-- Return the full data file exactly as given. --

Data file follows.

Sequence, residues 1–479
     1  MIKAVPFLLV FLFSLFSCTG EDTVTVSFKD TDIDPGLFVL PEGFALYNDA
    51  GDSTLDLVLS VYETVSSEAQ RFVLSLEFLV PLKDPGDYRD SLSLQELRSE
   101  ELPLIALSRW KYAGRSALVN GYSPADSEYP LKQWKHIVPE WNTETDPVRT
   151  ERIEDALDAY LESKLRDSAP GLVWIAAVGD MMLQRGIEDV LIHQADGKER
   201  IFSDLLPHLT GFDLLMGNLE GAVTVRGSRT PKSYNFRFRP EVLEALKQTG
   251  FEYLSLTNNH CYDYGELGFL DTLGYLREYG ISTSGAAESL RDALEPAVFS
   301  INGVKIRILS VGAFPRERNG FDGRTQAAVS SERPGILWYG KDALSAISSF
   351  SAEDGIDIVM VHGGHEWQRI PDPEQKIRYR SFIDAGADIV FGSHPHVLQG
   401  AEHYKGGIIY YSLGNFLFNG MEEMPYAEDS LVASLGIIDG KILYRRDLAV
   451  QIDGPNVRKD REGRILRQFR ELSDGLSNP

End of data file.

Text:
Sequence, residues 1–479
     1  MIKAVPFLLV FLFSLFSCTG EDTVTVSFKD TDIDPGLFVL PEGFALYNDA
    51  GDSTLDLVLS VYETVSSEAQ RFVLSLEFLV PLKDPGDYRD SLSLQELRSE
   101  ELPLIALSRW KYAGRSALVN GYSPADSEYP LKQWKHIVPE WNTETDPVRT
   151  ERIEDALDAY LESKLRDSAP GLVWIAAVGD MMLQRGIEDV LIHQADGKER
   201  IFSDLLPHLT GFDLLMGNLE GAVTVRGSRT PKSYNFRFRP EVLEALKQTG
   251  FEYLSLTNNH CYDYGELGFL DTLGYLREYG ISTSGAAESL RDALEPAVFS
   301  INGVKIRILS VGAFPRERNG FDGRTQAAVS SERPGILWYG KDALSAISSF
   351  SAEDGIDIVM VHGGHEWQRI PDPEQKIRYR SFIDAGADIV FGSHPHVLQG
   401  AEHYKGGIIY YSLGNFLFNG MEEMPYAEDS LVASLGIIDG KILYRRDLAV
   451  QIDGPNVRKD REGRILRQFR ELSDGLSNP